Tuesday, April 21, 2020

Per Capita!

Infographic: COVID-19 Cases per Million Inhabitants: A Comparison | Statista

Did you know that Luxembourg and China have the same population?  That all countries are identical in size?  Apparently the reporters at the Washington Post believe this, which is why I don't believe them about much of anything.

The United States currently has more confirmed coronavirus cases, by far, than any other country, with more than 775,000; the next highest country is Spain, with 200,000 cases. The United States also has far more confirmed virus-related deaths — more than 42,000 — than any other nation; Italy has more than 24,000 deaths and Spain just fewer than 21,000.
This is a troubling statement on several levels:
1. It speaks to American unexceptionalism - our trend as of late to moan and groan about how awful we have it here in the wealthiest country in the world and how every other country should feel sorry for us.  Hate to break it to you, but a lot of countries overseas have things a lot worse than we do, and what's more, they are tired of us bitching about everything like a bunch of prima donnas. 
2.  It tells us that reporters at the Washington Post are uninformed and uneducated, and don't understand the most basic things about statistics or math.   As I noted before, in any story involving math, the media often gets it wrong - they never took courses in probability and statistics. 
3.  If they miss something this basic, can we believe anything else they say?  Probably not.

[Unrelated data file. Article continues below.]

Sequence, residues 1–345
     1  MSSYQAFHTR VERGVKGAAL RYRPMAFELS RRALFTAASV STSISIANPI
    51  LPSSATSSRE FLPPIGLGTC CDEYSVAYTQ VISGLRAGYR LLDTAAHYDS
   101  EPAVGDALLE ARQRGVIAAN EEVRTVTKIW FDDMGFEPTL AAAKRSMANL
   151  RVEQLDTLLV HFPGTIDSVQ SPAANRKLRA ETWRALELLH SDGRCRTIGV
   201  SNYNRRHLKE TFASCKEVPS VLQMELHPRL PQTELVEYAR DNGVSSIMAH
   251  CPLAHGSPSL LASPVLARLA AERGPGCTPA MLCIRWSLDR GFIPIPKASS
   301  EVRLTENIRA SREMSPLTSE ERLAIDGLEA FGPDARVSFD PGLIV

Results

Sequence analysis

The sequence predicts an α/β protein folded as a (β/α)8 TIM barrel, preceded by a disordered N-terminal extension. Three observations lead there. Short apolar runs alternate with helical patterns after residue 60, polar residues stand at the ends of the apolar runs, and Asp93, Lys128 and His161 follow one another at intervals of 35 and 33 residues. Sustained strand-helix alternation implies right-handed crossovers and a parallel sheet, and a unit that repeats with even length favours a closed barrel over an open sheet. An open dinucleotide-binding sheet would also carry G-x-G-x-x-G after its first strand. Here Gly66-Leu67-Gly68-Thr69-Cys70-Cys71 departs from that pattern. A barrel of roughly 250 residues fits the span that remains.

The real deal is this:  America is a much larger country than Italy, Spain, France, or just about any other country other than China and India.  If you made it as far as the third grade, you probably already know that. 

The population of America is about 330 million people, putting our diagnosed virus cases at 0.2% of the population, and the death toll at about 0.012% at the present time.  Doesn't sound as scary, does it?  But then again, that is what the Washington Post's agenda is - to scare people.  They want people to be afraid, because people make bad decisions out of fear.  And the reason for this is politics - both sides of our politcal spectrum (and their media mouthpieces) are hoping to score political points and get candidates elected, off the backs of the virus victims.  This is a shameful thing.  But I digress.

Spain, in contrast is a much smaller country.  Betcha didn't know that!   Apparently the folks at the Post didn't, either.  The population is only about 47 million,  That makes their reported infection rate about 0.42% - or more double that of the United States, but still a number that seems very small when you put it in terms of per capita percentages.

Spain's deaths total about 21,000 - although the death rate has been dropping precipitously in recent days.  Funny how that works - like every epidemic before it.  21,000 may seem like "less" than in the United States, but with a much smaller population (the denominator in the equation - oh wait, fractions are hard!  And you don't need to know math "in real life!") so the death rate per capita is  0.04%, which is more than triple that in the United States..

But hey, according to the Post, those folks in Spain don't know how lucky they are!